In this section Matsuda writes second language issues became an important concern among teachers and administrators of first year writing program in the late 40s when the conclusion of WWII brought an influx of international students to U.S. higher education and into first year writing programs. In response to this situation administrators developed separate sections of first year writing programs for “foreign” students. Although this population of students continued to enroll in mainstream writing courses at many institutions, the discussion at CCCC came to a stop in 1966 when the creation of TESOL organization “institutionalized the disciplinary division of labor.” But in the 70s and 80s that all change when the rise of basic writing and the growth of resident ESL began. Matsuda explains that second language writers were placed in basic writing classes because not all institution had separate ESL course. These placement could have been productive if only basic writing teachers had background knowledge in second language instruction. Fast forward to current times and second language issues have become more visible. Second language students are still place in first year writing program taught by teachers who may not be experience with working with second language writers of various kinds. In response to the current demographic shift Matsuda believes that separate section of first year writing courses for second language writers need to be establish and if unable to separate the course he advice to at least make the first year writing courses ESL friendly. He also talks about the importance of creating professional development for writing teacher. While some schools are already doing this Matsuda further emphasizes the importance of making the curriculum in writing programs appropriate for students who bring a broad range of linguistic and cultural differences to the class.
Lastly, Matsuda mentions the lack of second language issues being discussed in professional literature and text. Which ironically focuses on international issues. He further addresses the writing center. In the topic of writing centers he ask writing center administrators to examine their assumptions of the writing center, which were developed with monolingual English users in mind. At the end of this article Matsuda basically reiterate his point and states this: Composition specialists need to embrace the multilingual reality of the global community and today’s classroom by exploring ways to engage all students in the development of global literacy.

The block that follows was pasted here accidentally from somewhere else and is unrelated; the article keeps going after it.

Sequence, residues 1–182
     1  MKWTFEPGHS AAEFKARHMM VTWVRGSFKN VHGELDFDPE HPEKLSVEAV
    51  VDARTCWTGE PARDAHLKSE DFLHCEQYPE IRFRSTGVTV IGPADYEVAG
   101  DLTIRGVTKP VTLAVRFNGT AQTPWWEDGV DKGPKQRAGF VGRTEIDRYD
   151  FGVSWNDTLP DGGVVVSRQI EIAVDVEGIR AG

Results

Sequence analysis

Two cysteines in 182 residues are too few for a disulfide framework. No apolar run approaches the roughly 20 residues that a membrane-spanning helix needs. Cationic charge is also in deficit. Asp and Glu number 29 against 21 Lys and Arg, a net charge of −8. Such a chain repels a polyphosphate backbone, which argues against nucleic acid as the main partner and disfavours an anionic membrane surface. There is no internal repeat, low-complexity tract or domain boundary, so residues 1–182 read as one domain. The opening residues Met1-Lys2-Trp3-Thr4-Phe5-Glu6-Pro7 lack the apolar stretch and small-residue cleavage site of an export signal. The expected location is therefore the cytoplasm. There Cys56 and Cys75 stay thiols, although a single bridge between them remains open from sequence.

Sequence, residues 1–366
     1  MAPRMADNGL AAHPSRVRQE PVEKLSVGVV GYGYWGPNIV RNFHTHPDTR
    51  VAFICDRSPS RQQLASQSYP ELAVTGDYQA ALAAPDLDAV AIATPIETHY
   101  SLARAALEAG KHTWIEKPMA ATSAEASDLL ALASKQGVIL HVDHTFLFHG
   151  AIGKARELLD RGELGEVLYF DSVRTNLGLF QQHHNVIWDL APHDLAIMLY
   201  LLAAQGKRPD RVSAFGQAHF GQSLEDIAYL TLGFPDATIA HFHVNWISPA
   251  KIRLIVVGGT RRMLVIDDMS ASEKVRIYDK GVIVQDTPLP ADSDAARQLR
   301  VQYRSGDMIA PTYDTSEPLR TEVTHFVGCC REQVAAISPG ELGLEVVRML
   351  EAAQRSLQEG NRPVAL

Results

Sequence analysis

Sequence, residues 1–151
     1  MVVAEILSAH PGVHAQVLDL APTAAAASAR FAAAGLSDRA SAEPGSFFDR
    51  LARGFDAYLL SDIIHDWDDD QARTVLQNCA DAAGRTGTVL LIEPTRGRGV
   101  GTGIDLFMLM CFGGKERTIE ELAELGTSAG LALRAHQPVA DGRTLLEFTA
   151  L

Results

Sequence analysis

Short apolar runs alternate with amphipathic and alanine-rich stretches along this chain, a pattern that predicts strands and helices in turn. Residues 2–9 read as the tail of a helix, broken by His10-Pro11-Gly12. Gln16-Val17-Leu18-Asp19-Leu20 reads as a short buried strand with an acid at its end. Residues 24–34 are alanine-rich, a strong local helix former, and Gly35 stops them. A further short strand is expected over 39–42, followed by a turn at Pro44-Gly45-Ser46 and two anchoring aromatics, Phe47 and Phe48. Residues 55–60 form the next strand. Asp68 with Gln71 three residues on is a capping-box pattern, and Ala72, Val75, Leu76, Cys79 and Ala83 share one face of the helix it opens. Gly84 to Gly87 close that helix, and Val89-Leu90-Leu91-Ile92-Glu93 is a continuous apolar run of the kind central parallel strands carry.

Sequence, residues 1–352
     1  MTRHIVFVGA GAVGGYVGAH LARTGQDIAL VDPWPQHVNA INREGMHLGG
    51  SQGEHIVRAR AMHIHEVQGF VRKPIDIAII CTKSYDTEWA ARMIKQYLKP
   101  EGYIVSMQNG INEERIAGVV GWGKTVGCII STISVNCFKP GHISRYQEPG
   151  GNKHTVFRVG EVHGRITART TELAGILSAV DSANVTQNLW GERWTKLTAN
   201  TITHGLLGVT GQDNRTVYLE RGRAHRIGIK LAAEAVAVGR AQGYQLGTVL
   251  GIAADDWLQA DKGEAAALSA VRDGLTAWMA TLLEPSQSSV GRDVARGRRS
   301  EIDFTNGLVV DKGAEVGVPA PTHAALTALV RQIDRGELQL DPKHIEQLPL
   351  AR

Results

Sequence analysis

Explain one thing that you learned about second language learners that you didn’t know before?
How would you work with ELL writing students? What strategies would you use?
Consider one advice you would offer an ELL student about writing?
English is a Crazy Language We’ll begin with a box, and the plural is boxes,
But the plural of ox becomes oxen, not oxes.
One fowl is a goose, but two are called geese,
Yet the plural of moose should never be meese.
You may find a lone mouse or a nest full of mice,
Yet the plural of house is houses, not hice.
If the plural of man is always called men,
Why shouldn’t the plural of pan be called pen?
If I speak of my foot and show you my feet,
And I give you a boot, would a pair be called beet?
If one is a tooth and a whole set are teeth,
Why shouldn’t the plural of booth be called beeth?
Then one may be that, and there would be those,
Yet hat in the plural would never be hose,
And the plural of cat is cats, not cose.
We speak of a brother and also of brethren,
But though we say mother, we never say methren.
Then the masculine pronouns are he, his and him,
But imagine the feminine: she, shis and shim!
Let’s face it – English is a crazy language. There is no egg in
eggplant nor ham in hamburger; neither apple nor pine in pineapple.
English muffins weren’t invented in England. We take English for
granted, but if we explore its paradoxes, we find that quicksand can
work slowly, boxing rings are square, and a guinea pig is neither from
Guinea nor is it a pig.
And why is it that writers write, but fingers don’t fing, grocers
don’t groce and hammers don’t ham?
Doesn’t it seem crazy that you can make amends but not one amend?
If you have a bunch of odds and ends and get rid of all but one of
them, what do you call it?
If teachers taught, why didn’t preachers praught?
If a vegetarian eats vegetables, what does a humanitarian eat?
Sometimes I think all the folks who grew up speaking English
should be committed to an asylum for the verbally insane.
In what other language do people recite at a play and play at a recital?
We ship by truck but send cargo by ship…
We have noses that run and feet that smell.
We park in a driveway and drive in a parkway.
And how can a slim chance and a fat chance be the same,
while a wise man and a wise guy are opposites?
You have to marvel at the unique lunacy of a language
in which your house can burn up as it burns down,
in which you fill in a form by filling it out, and
in which an alarm goes off by going on.
And in closing, if Father is Pop, how come Mother’s not Mop? Retrieved from LiveMocha.com